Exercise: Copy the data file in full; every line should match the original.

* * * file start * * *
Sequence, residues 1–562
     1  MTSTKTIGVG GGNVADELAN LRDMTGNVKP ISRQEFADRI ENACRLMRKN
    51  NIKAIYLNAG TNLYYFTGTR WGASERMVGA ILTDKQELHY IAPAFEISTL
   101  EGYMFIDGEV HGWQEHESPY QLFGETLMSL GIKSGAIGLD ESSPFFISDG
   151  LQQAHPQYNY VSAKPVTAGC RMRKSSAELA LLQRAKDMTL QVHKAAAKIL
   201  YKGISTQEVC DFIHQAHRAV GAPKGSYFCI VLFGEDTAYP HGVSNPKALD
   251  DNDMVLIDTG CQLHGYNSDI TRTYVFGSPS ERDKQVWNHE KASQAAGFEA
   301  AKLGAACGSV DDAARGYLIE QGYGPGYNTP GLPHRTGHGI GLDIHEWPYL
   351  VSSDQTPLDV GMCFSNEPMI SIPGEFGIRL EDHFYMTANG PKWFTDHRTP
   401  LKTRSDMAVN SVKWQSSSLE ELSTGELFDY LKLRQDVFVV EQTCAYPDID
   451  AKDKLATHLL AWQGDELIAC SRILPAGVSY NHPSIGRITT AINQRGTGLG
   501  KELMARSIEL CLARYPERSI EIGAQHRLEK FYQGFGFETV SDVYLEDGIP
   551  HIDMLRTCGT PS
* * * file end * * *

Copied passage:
Sequence, residues 1–562
     1  MTSTKTIGVG GGNVADELAN LRDMTGNVKP ISRQEFADRI ENACRLMRKN
    51  NIKAIYLNAG TNLYYFTGTR WGASERMVGA ILTDKQELHY IAPAFEISTL
   101  EGYMFIDGEV HGWQEHESPY QLFGETLMSL GIKSGAIGLD ESSPFFISDG
   151  LQQAHPQYNY VSAKPVTAGC RMRKSSAELA LLQRAKDMTL QVHKAAAKIL
   201  YKGISTQEVC DFIHQAHRAV GAPKGSYFCI VLFGEDTAYP HGVSNPKALD
   251  DNDMVLIDTG CQLHGYNSDI TRTYVFGSPS ERDKQVWNHE KASQAAGFEA
   301  AKLGAACGSV DDAARGYLIE QGYGPGYNTP GLPHRTGHGI GLDIHEWPYL
   351  VSSDQTPLDV GMCFSNEPMI SIPGEFGIRL EDHFYMTANG PKWFTDHRTP
   401  LKTRSDMAVN SVKWQSSSLE ELSTGELFDY LKLRQDVFVV EQTCAYPDID
   451  AKDKLATHLL AWQGDELIAC SRILPAGVSY NHPSIGRITT AINQRGTGLG
   501  KELMARSIEL CLARYPERSI EIGAQHRLEK FYQGFGFETV SDVYLEDGIP
   551  HIDMLRTCGT PS